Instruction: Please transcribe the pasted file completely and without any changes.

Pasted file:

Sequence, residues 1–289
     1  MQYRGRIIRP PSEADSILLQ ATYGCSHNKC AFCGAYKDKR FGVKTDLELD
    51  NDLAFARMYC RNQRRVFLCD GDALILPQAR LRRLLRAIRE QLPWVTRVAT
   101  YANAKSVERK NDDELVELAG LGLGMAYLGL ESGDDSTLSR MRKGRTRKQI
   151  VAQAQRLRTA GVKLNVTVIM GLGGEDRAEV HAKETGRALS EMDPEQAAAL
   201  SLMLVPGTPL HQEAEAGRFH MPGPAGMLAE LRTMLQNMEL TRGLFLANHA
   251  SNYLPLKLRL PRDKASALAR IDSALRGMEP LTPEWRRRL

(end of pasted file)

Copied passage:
Sequence, residues 1–289
     1  MQYRGRIIRP PSEADSILLQ ATYGCSHNKC AFCGAYKDKR FGVKTDLELD
    51  NDLAFARMYC RNQRRVFLCD GDALILPQAR LRRLLRAIRE QLPWVTRVAT
   101  YANAKSVERK NDDELVELAG LGLGMAYLGL ESGDDSTLSR MRKGRTRKQI
   151  VAQAQRLRTA GVKLNVTVIM GLGGEDRAEV HAKETGRALS EMDPEQAAAL
   201  SLMLVPGTPL HQEAEAGRFH MPGPAGMLAE LRTMLQNMEL TRGLFLANHA
   251  SNYLPLKLRL PRDKASALAR IDSALRGMEP LTPEWRRRL